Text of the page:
by Teri Lanza of Virgo Publishing
On Wednesday, I watched the two premier episodes of “Storage Wars", a new series on the A&E channel chronicling the exploits of four self-storage auction addicts in California. While the show certainly sensationalizes industry lien sales, its approach is no more dramatic than that taken toward the topic in national newspapers over the past two years, and I’ll admit to being entertained. The question is whether the hype will ultimately help or hurt the industry’s facility operators.
The program generated several questions from my husband, who volunteered to watch and assess with me. While he doesn’t represent your average public viewer, who probably knows little to nothing about self storage, his viewpoint gave me insight to what might be going through viewers' minds. In particular he had questions about the auction process and proceeds: Why can’t participants go into the unit? How come they're not allowed to touch anything? How do they know what they’re bidding on? Do they have to sign a contract before they can bid? Can the renter (or a representative of the renter) bid on his own stuff? Do operators make a ton of money on this? How long does a unit go unpaid before it gets auctioned? And so on.
These are all great questions, some of which an actual storage operator couldn’t even answer without consulting a state statute. Unfortunately, they’re not questions all public viewers will ask. Most will watch the show and take away a handful of beliefs about our business:
1. If you don’t pay your storage rent, the operator will sell your goods. In fact, the show’s tag line is, “If you don’t pay your bills, they’ll take your stuff.” OK, this is true, but the show fails to explain there is a lengthy and detailed legislative process governing the practice. In most cases, the operator would prefer to resolve the delinquency in almost any other manner than a lien sale.
2. Self-storage operators make tons of money on these auctions, sometimes thousands of dollars! Wrong. Most operators are lucky just to recoup what they lost in unpaid rent. And while I’m not intimately familiar with the contents of all state lien laws, my understanding is that in most cases, the operator must forward any overage from the sale to the renter. I’ve even heard operators tell stories about units being sold for as little as $5.
3. Self-storage “lockers” are often filled with incredible and bountiful booty, including cars, gold and cash. I nearly laughed my own booty off at the way unit contents were hyped up in “Storage Wars.” The intro flashes images of cash, coins, cars, guitars, furniture, signed celebrity memorabilia and more. I have no doubt that living in storage units around the world are darn good treasures, but the majority of units contain your average, run-of-the-mill household and business overflow. I won’t call it junk―almost everything can claim a price on eBay―but it ain’t the pot of gold at the end of the rainbow.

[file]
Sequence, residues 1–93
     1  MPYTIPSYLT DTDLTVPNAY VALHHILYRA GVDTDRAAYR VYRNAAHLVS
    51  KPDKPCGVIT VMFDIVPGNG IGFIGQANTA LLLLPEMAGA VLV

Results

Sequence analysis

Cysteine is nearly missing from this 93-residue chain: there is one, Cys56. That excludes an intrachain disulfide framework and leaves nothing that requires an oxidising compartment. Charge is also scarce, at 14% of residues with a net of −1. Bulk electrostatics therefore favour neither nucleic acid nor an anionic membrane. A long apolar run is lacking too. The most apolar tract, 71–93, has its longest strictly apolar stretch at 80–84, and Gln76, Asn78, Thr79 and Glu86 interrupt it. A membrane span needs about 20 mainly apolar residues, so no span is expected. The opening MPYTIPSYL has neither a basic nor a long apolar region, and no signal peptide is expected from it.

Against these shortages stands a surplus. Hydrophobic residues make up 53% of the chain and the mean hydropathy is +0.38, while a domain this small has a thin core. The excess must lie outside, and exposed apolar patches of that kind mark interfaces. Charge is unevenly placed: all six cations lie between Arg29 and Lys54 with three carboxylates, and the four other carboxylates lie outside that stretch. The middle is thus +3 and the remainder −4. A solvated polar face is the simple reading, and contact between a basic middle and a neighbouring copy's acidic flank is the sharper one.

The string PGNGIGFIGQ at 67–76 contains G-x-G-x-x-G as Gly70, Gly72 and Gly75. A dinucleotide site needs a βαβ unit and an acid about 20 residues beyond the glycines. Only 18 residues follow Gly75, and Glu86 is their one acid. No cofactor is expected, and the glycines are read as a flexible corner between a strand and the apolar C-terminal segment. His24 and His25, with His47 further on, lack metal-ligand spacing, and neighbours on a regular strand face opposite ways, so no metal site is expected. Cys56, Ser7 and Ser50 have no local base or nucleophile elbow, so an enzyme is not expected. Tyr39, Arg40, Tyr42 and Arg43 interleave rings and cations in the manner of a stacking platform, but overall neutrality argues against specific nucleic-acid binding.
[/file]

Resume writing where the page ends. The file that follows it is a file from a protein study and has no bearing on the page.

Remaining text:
In one scene, buyer Jarrod, who runs a second-hand store, drops $350 on a unit, much to his wife’s chagrin. But wait! In a small box they find what appears to be a Movado watch. Pay day! Not quite. A visit to a local jeweler confirms that the watch is a fake.
In another auction, buyer Dave, who runs Rags to Riches consignment store, does hit the jackpot with thousands of dollars in commercial kitchen equipment. It makes for a great show, but scenarios like these are not the norm. Many operators tell tales of units filled with old trash nobody would want―and disenchanted buyers who get left holding the bag for its disposal.
4. Self-storage auctions are vicious, cut-throat affairs that require diligence, skill and a gambler’s bravado. Maybe in Orange County! If this is the case, the media is largely to blame. The word is now out on self-storage sales, and bargain-hunters aplenty are on the prowl. But in a lot of cases, auctions don’t get the publicity they need to be truly successful. Many an auction is a lonely affair involving only the operator, maybe an auctioneer, and one or two interested parties. Rarely are there hordes of people pounding at the gate and a “little person” on stilts with night-vision goggles. (Yes, my friends, you’ll see all this and more on “Storage Wars.”)
I’ll continue to watch the show. I rather enjoyed it, if for no other reason than it is causing my friends and family to take a mild interest in my work. But I’m concerned about the ripple effect the show will have on our industry. On one hand, I’m glad customers will get the message that they need to pay their rent. On the other hand, potential misconceptions could be dangerous.
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